Generosity floors Naperville tailor
Donated fabric results in 3,000 plus masks
By Steve Metsch
Preferring to focus on the positive, Monika Gawalek, who owns Tailoring By Monica in Naperville, talked about the masks she, family and friends are making for people to wear during the coronavirus pandemic.
Like so many businesses, church groups, civic organizations, sewing clubs and quilters, and others across this nation, Gawalek and her crew have been very busy, doing their part fight transmission of the coronavirus.
So far, they’ve made more than 3,000 masks – all of which have been given away – and plan to keep sewing them at least until May 30, the projected end of Gov. Prtizker’s shelter at home order.
Gawalek on Tuesday did not want to discuss a weekend news report on Channel 7 that said some masks and donations in a jar had been stolen from the foyer outside her business, 7 E. 7th Avenue, Naperville.
“They’re making a bigger story than it was,” Gawalek said. “I don’t want to focus on that situation. I don’t want to talk any more about that. We’re making the face masks for the people.”
Several times, she said she was grateful for the generosity of people, some total strangers, who are making this possible.
“I want to thank all the people who have donated the fabric, the elastic.” Gawalek said
Yards and yards of fabric has been donated to the effort, Gawalek said.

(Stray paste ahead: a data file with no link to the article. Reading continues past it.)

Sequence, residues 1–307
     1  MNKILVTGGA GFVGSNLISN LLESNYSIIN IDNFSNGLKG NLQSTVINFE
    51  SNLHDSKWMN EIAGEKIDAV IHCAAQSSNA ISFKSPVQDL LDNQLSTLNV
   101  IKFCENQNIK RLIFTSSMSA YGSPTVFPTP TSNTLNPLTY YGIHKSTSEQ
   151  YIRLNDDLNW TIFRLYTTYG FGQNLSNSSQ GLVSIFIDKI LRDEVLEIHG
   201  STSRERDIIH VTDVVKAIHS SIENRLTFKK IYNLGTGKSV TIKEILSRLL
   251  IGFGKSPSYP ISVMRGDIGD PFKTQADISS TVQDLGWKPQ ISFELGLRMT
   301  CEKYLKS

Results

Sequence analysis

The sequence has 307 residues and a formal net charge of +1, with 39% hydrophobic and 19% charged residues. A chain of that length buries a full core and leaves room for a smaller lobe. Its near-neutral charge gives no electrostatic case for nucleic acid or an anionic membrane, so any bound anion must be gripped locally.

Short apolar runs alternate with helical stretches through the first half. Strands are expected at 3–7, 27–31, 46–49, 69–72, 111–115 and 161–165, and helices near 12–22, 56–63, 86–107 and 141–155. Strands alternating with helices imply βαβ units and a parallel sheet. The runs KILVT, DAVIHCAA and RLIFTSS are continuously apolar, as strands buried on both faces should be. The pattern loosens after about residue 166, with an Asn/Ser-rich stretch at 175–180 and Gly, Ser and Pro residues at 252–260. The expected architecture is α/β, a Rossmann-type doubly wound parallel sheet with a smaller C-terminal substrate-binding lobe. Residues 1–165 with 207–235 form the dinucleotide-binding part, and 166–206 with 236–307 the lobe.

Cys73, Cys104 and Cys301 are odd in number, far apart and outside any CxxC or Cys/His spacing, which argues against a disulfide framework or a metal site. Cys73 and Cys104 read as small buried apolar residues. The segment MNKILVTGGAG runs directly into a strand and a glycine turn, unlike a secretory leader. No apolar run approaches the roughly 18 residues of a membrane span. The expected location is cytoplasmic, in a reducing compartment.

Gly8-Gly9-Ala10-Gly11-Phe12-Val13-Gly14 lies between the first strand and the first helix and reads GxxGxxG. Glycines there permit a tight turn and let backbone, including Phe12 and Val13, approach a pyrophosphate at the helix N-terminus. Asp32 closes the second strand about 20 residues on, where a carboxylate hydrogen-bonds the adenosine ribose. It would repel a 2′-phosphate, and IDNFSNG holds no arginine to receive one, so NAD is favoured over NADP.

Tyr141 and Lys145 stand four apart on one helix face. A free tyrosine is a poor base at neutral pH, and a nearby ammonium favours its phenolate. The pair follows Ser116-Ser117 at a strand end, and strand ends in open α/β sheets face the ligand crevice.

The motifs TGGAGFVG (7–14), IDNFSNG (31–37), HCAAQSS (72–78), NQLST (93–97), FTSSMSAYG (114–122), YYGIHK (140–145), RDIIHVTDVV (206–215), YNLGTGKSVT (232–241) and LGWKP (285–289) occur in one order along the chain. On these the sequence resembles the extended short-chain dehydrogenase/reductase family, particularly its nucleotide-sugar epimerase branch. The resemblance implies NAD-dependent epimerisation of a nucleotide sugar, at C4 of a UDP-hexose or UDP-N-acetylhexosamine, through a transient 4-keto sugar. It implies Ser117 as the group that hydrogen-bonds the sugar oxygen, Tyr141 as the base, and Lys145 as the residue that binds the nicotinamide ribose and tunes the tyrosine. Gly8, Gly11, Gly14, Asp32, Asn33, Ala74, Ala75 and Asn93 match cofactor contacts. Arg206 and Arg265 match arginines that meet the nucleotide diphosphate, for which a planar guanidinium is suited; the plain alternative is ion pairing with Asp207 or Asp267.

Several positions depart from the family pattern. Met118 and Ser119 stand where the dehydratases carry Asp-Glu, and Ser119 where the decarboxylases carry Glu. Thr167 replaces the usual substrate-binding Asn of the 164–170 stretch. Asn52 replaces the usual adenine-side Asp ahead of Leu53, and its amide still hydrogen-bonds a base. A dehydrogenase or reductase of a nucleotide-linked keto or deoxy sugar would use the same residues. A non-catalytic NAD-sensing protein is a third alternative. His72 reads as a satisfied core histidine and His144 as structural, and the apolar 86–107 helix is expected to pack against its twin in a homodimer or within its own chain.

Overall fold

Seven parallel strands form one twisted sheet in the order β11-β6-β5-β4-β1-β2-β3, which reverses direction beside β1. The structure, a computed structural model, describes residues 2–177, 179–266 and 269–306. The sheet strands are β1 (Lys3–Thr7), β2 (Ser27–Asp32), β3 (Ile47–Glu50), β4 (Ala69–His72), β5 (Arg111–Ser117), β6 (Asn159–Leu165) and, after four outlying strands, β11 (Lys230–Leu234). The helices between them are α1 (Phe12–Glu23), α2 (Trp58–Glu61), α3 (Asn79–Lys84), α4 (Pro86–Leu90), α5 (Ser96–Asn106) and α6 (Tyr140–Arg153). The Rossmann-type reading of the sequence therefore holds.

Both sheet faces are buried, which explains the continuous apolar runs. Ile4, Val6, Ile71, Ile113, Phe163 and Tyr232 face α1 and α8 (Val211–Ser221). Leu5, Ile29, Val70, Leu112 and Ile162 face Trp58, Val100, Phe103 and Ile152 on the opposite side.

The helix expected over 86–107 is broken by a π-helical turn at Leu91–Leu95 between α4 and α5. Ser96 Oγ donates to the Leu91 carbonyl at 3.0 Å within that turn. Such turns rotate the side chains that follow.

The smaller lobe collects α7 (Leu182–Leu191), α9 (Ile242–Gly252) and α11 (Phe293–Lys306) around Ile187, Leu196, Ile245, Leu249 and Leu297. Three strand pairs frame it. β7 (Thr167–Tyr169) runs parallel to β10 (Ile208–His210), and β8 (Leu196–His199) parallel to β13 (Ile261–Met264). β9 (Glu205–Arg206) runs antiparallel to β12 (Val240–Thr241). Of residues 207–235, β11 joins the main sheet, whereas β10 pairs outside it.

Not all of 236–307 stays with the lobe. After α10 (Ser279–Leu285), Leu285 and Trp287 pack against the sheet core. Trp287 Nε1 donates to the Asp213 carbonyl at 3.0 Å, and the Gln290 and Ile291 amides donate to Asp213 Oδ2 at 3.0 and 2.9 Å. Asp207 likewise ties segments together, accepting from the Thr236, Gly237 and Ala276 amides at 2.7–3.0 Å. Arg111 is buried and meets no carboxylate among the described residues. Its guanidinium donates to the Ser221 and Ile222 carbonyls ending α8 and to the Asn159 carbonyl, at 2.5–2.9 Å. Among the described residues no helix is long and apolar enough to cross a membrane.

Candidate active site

“One gentleman, he brings me so much fabric from his wife, enough for probably another 500 masks,” she said.
While she does most of the work herself, daughter Victoria Oginsk and Victoria’s boyfriend, Jayesh Chitnis have also been busy.
“It’s going well, Oginski said. “My mom has been doing most of the work.”
“We do what we can do,” Gawalek said.
Because she wanted to help, Gawalek began focusing on making masks when Gov. Pritzker’s shelter at home order began on March 21.
She needed about one week to gather all the fabric she needed, and has been making masks for about a month.
Because so many people are making masks these days, the elastic used to loop around ears and hold masks in place is hard to find, Gawalek said.
Told by suppliers that shipping will take longer – “you have to wait who knows how long,” she said – she decided to improvise and began using rubber bands instead of elastic.
“They work,” she said of the rubber bands.
Masks are left in a basket in the foyer outside her business, free for the taking by whomever is in need.
“They don’t have to touch anything. They don’t have to see me. They don’t have to inside the store,” she said.
She does accept donations in a jar, if people wish, but that is not required.
Gawalek, who opened her business in Naperville in 2011, remains impressed by the generosity and caring nature.
“I’m so proud of the people in Naperville and around here,” she said.
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